Will the Dollar Weaken in 2017?

After the shock of Trump winning the election wore off, markets rallied. The assumption has been that a combination of tax breaks, infrastructure spending stimulus and money repatriated from corporate offshore accounts will trigger an economic boom in the USA. Inflation would rise according to this scenario and the Fed would raise interest rates and thus drive the value of the dollar higher. An alternative view is that the dollar will weaken in 2017. CNBC projects the US dollar getting weaker.

The Federal Reserve’s long-awaited rate hike, expected to come in December, could have some unexpected effects, strategist Jim Paulsen told CNBC on Monday.

Paulsen, Wells Capital Management’s chief investment strategist, voiced his theory for “the big wild card in 2017″ on “Squawk Box.”

“I think the dollar’s going to go down, not up,” he said. “There [have] been five major increases in the funds rates since the 1970s, and every one of them, when the Fed raised rates, the dollar came down.”

The strategist said what’s driving rates higher are rising inflation expectations, which could in turn hurt dollar strength. “As inflation expectations go north, that’s a deterrent and a negative for the U.S. dollar,” he said.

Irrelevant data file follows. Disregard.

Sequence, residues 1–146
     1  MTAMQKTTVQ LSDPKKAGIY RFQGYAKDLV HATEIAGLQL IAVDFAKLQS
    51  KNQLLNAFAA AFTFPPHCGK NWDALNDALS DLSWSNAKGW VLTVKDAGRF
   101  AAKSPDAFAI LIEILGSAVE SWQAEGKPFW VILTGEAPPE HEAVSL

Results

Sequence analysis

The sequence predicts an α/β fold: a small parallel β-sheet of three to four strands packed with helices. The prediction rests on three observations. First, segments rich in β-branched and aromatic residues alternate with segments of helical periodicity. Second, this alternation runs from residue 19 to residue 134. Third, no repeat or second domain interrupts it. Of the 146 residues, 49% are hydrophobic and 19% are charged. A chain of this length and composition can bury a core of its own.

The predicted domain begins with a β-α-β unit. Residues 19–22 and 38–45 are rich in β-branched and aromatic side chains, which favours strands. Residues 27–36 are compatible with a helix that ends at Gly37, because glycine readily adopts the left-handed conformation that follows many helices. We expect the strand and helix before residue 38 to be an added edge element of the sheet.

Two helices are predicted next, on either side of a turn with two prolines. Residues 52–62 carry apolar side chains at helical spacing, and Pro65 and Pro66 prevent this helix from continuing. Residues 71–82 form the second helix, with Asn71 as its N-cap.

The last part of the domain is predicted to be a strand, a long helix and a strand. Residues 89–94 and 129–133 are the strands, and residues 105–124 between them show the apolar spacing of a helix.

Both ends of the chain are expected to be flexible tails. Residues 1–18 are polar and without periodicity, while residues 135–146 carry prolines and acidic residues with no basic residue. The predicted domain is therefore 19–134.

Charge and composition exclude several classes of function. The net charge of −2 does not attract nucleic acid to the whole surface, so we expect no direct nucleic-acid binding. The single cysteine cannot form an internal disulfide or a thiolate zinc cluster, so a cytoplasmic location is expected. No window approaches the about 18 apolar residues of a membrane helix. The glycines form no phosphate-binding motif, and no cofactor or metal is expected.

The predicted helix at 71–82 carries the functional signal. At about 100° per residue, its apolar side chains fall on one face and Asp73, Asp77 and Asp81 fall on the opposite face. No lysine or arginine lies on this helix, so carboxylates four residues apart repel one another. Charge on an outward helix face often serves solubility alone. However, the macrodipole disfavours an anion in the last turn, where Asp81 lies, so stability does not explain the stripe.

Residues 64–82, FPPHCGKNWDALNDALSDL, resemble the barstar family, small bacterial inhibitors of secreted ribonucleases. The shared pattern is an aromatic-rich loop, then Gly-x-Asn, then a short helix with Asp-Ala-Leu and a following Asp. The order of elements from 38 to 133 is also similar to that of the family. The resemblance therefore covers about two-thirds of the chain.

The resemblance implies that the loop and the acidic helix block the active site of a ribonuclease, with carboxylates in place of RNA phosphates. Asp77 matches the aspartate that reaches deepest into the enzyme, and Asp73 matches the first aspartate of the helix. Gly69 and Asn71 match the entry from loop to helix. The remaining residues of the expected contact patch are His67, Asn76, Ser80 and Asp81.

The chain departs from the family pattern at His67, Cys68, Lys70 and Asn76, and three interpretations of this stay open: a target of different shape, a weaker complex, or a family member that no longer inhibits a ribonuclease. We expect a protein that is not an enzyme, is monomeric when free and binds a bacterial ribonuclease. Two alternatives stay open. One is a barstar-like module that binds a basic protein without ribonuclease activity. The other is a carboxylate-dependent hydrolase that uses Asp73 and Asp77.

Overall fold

In short, inflation and not the increase in interest rates will be dominant according to this view. If the view that foreign investments will be more attractive than those in the USA is correct then we may not see the expected Trump rally for any length of time.

Too Many Bulls

When everyone thinks that a currency will keep going up is usually the time to sell. Market Watch writes about the pause in the longest win streak for the dollar in more than three years.

The U.S. dollar weakened against its major rivals Monday as traders paused for breath following 10 straight days of gains for the currency, the longest winning streak for the greenback in over three years.

The buck has been supported by continued expectations for higher interest rates by the Federal Reserve, as well as by the prospect of fiscal stimulus following the election of Donald Trump. The U.S. dollar index hit its highest level since April 2003 last week, and the dollar briefly hit a fresh multimonth high against the yen during Asian trading hours.

Since the election, the dollar index is up more than 3%, and “it’s difficult to know how much further this bull can run especially that it’s driven by animal spirits, and yet no fundamental evidence,” Hussein Sayed, chief market strategist at FXTM wrote in a note.

Our opinion prior to the election was that predicting anything in a Trump presidency would be perilous. This is still the case as traders are basing their trades on rhetoric rather than clearly delineated plans. Trump likes the limelight and likes to be seen wheeling and dealing. He likes to hold his cards close to his chest and thrives on the drama of “important” announcements that often turn out to be pure hype. Will the dollar weaken in 2017 or will it rise? Forex options in order to hedge risk may well be the best bet in the coming years.